Aspen leaves outside my window dance like jostling coins, reflecting the yellow of the new September dawn. Clouds collect in the creases of mountaintops, as mist from the valley floor rises to meet them. Today I imagine the evening will taste cool and bright with autumn air, and with that sinks in the arrival of a Colorado fall.

This September marks a shift in the way my life has been ordered thus far. I suppose I am simply being welcomed into the folds of post-graduate life. Transition has always been profoundly difficult for me. And by my fourth year at Wesleyan, my roots felt immovable, pathways unchangeable. In this I found comfort.

Salmon-pink palms wrapped around mugs of coffee.
Watering our one sad succulent each morning (cut in half by a window on move-in day).
Girlish chatting in headstand on Thursday mornings.
Falling asleep to the rhythm of housemates’ footsteps.
Library chair molded to my pretzel-ed legs.
Late night Loam meetings, curled on Kate’s bed. 
Jars of red-wine, friends’ dancing arms and legs around my living room.

 With summer, came time for transition -- one that has been pitched to me as movement away from childhood to adulthood. I find myself only now feeling the effects of this movement, this uprooting, with the arrival of September. Fall has always felt packed with hope, vibrantly colored and cinnamon flavored. Perhaps it has been the start of the school year, and the thrill of being brilliantly reawakened by new knowledge. How amazing though, that fall is in fact a time of preparing for survival. Leaves shed and float down to newly chilled ground, leaving branches bare and ready to endure the cold. My tree knowledge is scant, but today the local paper revealed that the Aspen buds are already there, waiting for the spring. The life that will burst into newness, but for the time being, will be buried under layers of snow, waiting for the melt.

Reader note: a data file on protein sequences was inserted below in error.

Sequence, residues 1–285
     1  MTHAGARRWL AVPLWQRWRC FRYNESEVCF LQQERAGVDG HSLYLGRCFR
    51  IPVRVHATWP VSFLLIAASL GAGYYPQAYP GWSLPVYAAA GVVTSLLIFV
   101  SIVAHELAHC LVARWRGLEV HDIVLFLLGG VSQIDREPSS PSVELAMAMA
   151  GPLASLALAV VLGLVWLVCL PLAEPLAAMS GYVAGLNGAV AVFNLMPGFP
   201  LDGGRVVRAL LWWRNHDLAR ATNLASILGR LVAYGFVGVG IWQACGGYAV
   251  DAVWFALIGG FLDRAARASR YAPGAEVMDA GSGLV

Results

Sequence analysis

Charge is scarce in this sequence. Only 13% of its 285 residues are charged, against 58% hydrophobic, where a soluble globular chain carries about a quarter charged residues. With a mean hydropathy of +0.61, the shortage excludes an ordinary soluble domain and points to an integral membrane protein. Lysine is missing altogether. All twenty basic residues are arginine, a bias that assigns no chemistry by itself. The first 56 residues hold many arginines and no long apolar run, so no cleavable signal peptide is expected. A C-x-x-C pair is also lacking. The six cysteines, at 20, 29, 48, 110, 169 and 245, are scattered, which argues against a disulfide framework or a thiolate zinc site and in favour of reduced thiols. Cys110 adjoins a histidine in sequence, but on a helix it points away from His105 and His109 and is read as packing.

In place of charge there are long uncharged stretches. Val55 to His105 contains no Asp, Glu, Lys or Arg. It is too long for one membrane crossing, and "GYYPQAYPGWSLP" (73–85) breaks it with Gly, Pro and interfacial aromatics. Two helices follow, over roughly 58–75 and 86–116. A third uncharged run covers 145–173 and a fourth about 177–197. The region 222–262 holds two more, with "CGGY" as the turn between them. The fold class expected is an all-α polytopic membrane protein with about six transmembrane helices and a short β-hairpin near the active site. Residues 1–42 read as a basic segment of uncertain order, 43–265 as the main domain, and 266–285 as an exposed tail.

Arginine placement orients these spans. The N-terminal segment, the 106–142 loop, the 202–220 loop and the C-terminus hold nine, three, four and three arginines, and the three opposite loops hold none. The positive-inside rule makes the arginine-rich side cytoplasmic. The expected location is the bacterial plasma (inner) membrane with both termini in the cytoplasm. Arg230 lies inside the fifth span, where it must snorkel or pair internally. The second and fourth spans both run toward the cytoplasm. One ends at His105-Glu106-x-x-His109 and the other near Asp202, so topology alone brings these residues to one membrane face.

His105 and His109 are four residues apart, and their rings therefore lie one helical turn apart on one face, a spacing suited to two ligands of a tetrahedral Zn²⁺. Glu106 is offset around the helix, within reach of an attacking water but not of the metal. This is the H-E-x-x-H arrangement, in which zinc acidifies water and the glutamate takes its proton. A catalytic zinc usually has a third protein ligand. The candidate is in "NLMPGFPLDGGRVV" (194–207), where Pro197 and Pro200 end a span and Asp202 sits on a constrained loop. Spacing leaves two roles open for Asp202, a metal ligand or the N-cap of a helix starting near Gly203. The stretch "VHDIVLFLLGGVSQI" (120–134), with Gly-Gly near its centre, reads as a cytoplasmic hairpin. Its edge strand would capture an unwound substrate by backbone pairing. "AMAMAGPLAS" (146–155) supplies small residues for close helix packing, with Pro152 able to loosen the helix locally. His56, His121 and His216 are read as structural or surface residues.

While I sit and feel the life-filled roots of college slough off like snake skins, I cling to this thought. In this moment, I finally recognize the heartache of college’s end, till now blurred by summer’s bliss. I cling to the fact that the joy I felt in throngs of familiarity is here, waiting to be revealed.

In my fourth month in Colorado, my roots are growing.

Skin tanned to match the tops of hiking boots.
Afternoon writing to the sounds of mountain thunder.
Sleeping under the stars is as good as home.

Smell of incense absorbed into the walls of my bedroom.
Gifts from friends waiting on my coffee table.
Waking to find new sunflowers have bloomed on my window sill.


Kate WeinerComment